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BW Businessworld

BW Dialogue: Covid 19- separating facts from myths

Dr. Anirban Mahapatra a leading microbiologist and author of "Separating fact from fiction: Covid 19", in conversation with Dr. Annurag Batra, Chairman &Editor in Chief, BW Businessworld and Exchange4media clears the air around Covid-19 and myths surrounding it.

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The last 11 months have been unimaginable for one and all. We are in season 2 of the pandemic, as against the hope that it will be over in 3-4 months. The variants are also proving to be a lot more transmissible than the original strain against which vaccines are being developed. Though the economy took a major hit, there is quite a bit of optimism in terms of recovery.

Dr. Batra: What prompted you to write the book? Can you tell us about separating fact from fiction?

Dr. Mahapatra: Till January 2020 I was just tracking the "Wuhan virus", which got me thinking about the pandemic and the various parameters associated with it including the transmissibility and fatality.  The ironic thing about these pandemics is when they first arrive the technology to counter them is non-existent. The measures we take are essentially 100 years old, like washing our hands, social distancing, covering our mouth while sneezing, etc.

While going through social media and coming across the various conspiracy theories surrounding the pandemic, I realized it is important to document our experiences and lessons. Right now we are shell shocked but we have to learn the lessons from this. The biggest myths we have now are surrounding vaccines. In India however, we are less hesitant to take the vaccination than other countries, especially developed ones where they do not think about infections on a day-to-day basis. On the flip side, we do not have vaccinations for adults, though we get them as children. In the west, however, there is a trend of getting vaccinated year on year with flu shots. I am saying in this book that vaccines are safe and effective, and even if you are infected earlier the vaccine will enhance the effectiveness. This is one of the myths I am trying to dispel that they are not safe.

Dr. Batra: What are the other myths that exist? What are the counter-views to those?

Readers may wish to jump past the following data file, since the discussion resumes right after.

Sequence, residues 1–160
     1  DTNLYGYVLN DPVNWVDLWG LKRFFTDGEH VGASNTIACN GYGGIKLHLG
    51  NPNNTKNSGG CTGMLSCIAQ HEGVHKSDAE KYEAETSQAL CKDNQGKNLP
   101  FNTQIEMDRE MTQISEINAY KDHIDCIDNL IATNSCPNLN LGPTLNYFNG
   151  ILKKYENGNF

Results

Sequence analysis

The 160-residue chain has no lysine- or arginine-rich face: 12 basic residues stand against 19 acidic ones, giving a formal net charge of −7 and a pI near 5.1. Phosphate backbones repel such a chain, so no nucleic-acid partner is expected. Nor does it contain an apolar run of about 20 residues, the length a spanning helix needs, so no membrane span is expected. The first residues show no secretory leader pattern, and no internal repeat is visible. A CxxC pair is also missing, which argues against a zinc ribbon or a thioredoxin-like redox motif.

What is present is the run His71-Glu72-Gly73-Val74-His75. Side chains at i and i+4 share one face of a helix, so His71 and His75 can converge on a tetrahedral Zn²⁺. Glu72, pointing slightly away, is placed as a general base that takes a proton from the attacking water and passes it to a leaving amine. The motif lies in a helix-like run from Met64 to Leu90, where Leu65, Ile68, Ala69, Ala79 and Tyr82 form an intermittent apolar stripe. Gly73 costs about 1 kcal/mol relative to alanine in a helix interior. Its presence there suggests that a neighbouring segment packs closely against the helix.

Dr. Mahapatra: There are quite a few myths, one of which is there is no immunity, that is, if a person gets infected once they are as susceptible to get infected again. We cannot say this with certainty because the virus had not been around long enough for anyone to guess the immunity. What we found was antibodies stay around for 6 months or so, and T-cells, one of the main pillars of immunity are also involved in this. If one is infected it is most likely that they will have immunity, the only rider being lac of immunity against the new variants.

Dr. Batra: As a scientist and industry expert, what do you see happening in the future in terms of the decline of the numbers and where are we headed?

Dr. Mahapatra:  There are several variables, and one of them is the emergence of mutants, the second variable is how fast we can get the vaccines. I do see 2021 as a year where we strive towards normalcy in many parts of the world, and Diwali 2021 will be much better than 2020. As far as the virus is concerned it is not going to go away, it is going to remain in circulation as an endemic virus. What will happen is greater immunity.

The government in India is doing a good job, with one crore twenty lakh Indians vaccinated last week. When you look at the US, the mortality is very high, and they have a very advanced healthcare system. What went wrong in the US that so many deaths happened?

Dr. Mohapatra: This will be an upcoming topic of discussion for years to come.  Sitting here in the US I can tell you it was a train wreck in slow motion. There were conflicting messages and a lack of leadership and there were some things that happened early on which put the US on a negative trajectory. If you remember they came up with the CTC diagnostic tests which did not work at all, instead of using the tests mandated by WHO. There are also sections of the population in US that have downplayed the pandemic and refuse to wear masks.

Dr.Batra: What should the government be doing better to boost healthcare in India?

Dr. Mahapatra: There is no national emergency program to vaccinate everyone. In the US every state is following a different plan. I was heartened to see an increase in money allocation in the budget in the healthcare sector, not just for testing but also for surveillance.  The uniformity of healthcare across Indian states is yet to be achieved, which is the need of the hour to reduce disparity among states in terms of the health infrastructure that we have. On the bright side, India is already a hub for the manufacturing of drugs and vaccines, which enables India to play a major role. For instance, till some time ago PPE kits manufacturing industry was zero, now we are valued at 8,000 crores.  

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